BooksNonfictionReviews

Mondo Macabro (book review)

When you‘re starting your love affair with movies – not just watching movies, but actually getting to know and love them – going beyond the latest blockbusters or proved evergreens from yesteryear, suddenly a whole new universe opens. A movie universe many have no clue about, the underbelly of the glittery Hollywood PC-polished timewasters, offering a whole new experience both to a newbie and a seasoned mainstream watcher alike.

You might want to ask – how to get there, how the get the key to unlock the mysteries of cinema and start to enjoy the unique experience world of the celluloid pictures offers?

Well, for the great introduction to even greater cinematic unknown, there is this book: Mondo Macabro by Pete Tombs. And I dare to say it provides a reader with enough material and movies to chase and watch to spend quite a lot of time with the moving pictures. But there‘s a catch, as always, and I‘m gonna talk about it later.

First, let‘s have a look at the book. If I am not mistaken, my copy comes from a second edition, released in 1999 (oh my…20 years ago!) and straight from the cover art we are greeted with pictures a newbie (like I was, and to some extent, still am) would have no knowledge of. Exorsister? Disi Killing? Cleopatra Wong? Imagine my blank stare. Nothing. Nada.

Page sample from Mondo Macabro

Well, page of content reveals a great selection of the world cinema – Hong Kong (in three parts, dealing with kung fu – or chop socky – movies, erotic sinema and horror movies), Phillipino movies, Indonesian cinema (and I have to say, both cinemas offer some great and fascinating flicks), Indian cinema, Turkish trash cult movies (co-authored with Giovanni Scognamillo), Brazil is represented by Joao Marins a.k.a Coffin Joe, Diego Curubeto brings Argentina to the table, while David Wilt talk sabout Mexican cinema. Last 3 chapters are reserved for great Japanese flicks – among those horror and pinku eiga movies.

Supported by many black and white stills, lobby carts and poster reproductions, along with the 8 pages in full colour, there is hardly a fault to be found with this book. Although one there probably will be –
OK, we can’t blame the book for that, that’s for sure – if you are like me, full of enthusiasm to discover new experiences, you will quickly realize many of these fantastic movies are unavailable via standard sources. Indeed, some are available only in gray market copies, in VHS quality movie files found through various torrent sites, some are unavailable altogether…and many available only in their original language with no dubbing or subtitles. None at all.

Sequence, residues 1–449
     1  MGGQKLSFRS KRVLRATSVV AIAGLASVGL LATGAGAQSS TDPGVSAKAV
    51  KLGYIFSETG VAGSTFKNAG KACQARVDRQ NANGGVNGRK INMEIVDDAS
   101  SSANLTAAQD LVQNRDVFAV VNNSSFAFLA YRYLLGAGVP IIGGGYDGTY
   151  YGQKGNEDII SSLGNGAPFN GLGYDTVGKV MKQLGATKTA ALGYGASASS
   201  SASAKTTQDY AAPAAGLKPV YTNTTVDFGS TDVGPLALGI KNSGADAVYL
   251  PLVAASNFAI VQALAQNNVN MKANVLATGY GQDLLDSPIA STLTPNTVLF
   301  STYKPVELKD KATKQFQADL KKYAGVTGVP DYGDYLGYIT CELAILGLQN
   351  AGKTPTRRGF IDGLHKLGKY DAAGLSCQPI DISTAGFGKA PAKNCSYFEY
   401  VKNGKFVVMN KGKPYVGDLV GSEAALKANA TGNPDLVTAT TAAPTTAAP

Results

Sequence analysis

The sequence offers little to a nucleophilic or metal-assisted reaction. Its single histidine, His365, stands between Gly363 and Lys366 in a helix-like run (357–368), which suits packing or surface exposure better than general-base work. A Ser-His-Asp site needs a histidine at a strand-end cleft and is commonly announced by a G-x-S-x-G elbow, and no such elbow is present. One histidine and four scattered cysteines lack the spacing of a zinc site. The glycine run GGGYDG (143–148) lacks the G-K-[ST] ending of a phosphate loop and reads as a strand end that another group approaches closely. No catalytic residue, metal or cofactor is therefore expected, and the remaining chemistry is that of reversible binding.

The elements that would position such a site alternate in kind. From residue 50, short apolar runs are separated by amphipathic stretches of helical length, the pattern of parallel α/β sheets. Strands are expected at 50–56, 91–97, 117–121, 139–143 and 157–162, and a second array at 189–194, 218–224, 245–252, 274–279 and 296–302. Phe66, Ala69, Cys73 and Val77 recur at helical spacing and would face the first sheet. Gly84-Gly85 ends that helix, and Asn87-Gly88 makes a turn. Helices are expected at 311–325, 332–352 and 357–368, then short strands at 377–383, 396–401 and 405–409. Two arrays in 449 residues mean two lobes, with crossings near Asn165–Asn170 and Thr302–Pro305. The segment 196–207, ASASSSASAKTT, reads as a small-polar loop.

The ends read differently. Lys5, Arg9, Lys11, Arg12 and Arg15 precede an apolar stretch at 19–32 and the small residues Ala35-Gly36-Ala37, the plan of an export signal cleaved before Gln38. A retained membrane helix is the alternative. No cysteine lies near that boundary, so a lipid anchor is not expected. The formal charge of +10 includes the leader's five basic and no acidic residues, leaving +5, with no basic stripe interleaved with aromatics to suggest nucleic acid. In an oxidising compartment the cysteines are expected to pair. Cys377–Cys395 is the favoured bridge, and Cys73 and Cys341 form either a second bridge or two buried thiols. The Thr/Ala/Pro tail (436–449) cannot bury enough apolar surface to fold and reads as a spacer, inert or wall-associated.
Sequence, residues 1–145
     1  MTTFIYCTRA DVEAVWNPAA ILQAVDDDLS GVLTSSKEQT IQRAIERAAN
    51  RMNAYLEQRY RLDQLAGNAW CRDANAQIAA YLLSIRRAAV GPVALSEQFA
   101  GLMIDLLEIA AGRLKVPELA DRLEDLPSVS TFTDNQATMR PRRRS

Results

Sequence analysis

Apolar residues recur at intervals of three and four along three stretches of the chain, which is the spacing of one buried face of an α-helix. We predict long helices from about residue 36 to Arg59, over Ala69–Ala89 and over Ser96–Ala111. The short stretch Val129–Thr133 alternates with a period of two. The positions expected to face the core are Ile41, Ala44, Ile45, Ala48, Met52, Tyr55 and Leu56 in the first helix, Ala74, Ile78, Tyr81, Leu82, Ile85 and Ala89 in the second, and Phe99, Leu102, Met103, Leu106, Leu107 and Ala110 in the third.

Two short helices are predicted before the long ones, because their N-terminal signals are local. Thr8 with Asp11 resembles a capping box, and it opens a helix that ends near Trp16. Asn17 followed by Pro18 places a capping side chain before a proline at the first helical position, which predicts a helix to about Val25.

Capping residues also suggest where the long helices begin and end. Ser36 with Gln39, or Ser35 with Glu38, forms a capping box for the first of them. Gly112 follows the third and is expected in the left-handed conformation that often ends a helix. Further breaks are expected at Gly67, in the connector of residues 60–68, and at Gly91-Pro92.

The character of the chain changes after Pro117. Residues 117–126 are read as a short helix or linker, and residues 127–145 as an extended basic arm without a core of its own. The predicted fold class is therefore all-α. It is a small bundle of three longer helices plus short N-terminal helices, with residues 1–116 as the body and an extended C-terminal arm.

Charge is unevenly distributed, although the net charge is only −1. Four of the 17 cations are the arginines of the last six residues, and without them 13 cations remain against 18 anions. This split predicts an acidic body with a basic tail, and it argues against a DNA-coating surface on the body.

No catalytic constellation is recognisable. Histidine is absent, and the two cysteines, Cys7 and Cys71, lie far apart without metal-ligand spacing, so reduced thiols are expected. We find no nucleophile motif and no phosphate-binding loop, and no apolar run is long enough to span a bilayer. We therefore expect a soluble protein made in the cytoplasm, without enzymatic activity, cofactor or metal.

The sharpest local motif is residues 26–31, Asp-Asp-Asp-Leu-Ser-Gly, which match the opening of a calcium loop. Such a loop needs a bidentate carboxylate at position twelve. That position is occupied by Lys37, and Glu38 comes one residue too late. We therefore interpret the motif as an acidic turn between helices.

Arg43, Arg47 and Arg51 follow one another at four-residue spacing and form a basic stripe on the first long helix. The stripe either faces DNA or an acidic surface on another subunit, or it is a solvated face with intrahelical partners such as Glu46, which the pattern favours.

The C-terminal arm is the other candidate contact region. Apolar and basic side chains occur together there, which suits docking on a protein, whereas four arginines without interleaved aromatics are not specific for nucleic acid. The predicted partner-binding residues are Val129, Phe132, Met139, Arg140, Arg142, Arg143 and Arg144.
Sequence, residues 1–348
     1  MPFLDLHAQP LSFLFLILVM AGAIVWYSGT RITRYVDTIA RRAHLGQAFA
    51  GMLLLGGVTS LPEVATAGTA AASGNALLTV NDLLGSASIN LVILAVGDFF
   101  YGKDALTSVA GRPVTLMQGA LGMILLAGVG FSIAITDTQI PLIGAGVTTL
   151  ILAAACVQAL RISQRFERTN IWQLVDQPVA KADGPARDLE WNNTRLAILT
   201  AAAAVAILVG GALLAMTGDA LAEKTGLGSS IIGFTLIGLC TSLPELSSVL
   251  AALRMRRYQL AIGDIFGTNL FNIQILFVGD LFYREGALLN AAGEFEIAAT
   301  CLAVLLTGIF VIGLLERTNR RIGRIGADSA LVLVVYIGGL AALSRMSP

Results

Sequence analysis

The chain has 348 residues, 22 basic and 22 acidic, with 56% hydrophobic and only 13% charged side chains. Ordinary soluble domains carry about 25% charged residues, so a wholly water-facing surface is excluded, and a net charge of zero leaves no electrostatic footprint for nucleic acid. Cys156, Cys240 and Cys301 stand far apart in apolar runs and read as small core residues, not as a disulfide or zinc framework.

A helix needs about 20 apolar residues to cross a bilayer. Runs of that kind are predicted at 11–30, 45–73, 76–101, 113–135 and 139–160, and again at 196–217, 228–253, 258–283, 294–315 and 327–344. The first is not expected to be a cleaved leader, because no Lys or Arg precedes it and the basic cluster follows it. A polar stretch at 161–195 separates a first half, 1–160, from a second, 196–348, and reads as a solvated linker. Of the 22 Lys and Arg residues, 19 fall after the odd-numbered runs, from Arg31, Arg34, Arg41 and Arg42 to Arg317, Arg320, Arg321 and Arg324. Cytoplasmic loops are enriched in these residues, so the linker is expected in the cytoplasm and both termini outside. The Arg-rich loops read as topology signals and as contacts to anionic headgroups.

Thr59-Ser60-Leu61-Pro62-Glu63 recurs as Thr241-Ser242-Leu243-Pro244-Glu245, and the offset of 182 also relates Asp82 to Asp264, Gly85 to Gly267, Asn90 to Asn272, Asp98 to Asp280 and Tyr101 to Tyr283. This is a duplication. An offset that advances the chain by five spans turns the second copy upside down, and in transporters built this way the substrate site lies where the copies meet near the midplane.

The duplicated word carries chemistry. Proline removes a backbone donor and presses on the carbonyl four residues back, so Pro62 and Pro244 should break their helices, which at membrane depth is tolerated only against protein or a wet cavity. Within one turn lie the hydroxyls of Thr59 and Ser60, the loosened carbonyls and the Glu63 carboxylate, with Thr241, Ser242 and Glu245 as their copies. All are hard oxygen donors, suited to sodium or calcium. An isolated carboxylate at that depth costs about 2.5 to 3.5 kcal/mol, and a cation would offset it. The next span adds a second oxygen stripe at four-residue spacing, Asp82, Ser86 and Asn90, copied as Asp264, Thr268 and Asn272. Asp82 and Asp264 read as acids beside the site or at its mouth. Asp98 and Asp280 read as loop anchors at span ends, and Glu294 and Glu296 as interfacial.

But this comes as no problem to the one who loves movies. With many action movies you hardly need to know the details as the plot of many is so straightforward, with many horror movies it‘s about the effects and gore…and with many rip off movies you know the plot already. But even the language barrier is done with by the sheer volume of movies available.

Mondo Macabro is dedicated to more exotic areas of worldwide cinema, therefore you won‘t find sections about, say, spaghetti westerns or eurospy movies. But there are other books dedicated to these and we will cover some of them for you.

Now, about the catch mentioned earlier. Well, it‘s simple. If you expect a Hollywood production, big budget effects and celebrity names – forget that. Many of these flicks are really a low budget movies with terrible acting, laughable „special“ effects…but there‘s a charm about all of these. True, not many would appreciate it, for it takes a while to get adjusted to a different mindset than what‘s offered by a mainstream popcorn „culture“, but if you overcome the initial obstacles like aforementioned lack of dubbing/subtitles, if you can overlook lack of HD transfers…you will be rewarded by a cinematic experience like no other. Trust me, I‘ve been there.

Mondo Macabro is sold out (no wonder, it was released 20 years ago), but good copies can be purchased either through eBay or through second hand book sellers like Abebooks. And I can‘t recommend it enough.

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Rudolf Schütz

A father to two little perpetuum mobiles called kids, Rudolf is a main force behind The Rubber Axe webzine, a bookworm, musick lover and a movie fan - not to mention his virgin forays into the comics and board/card games.

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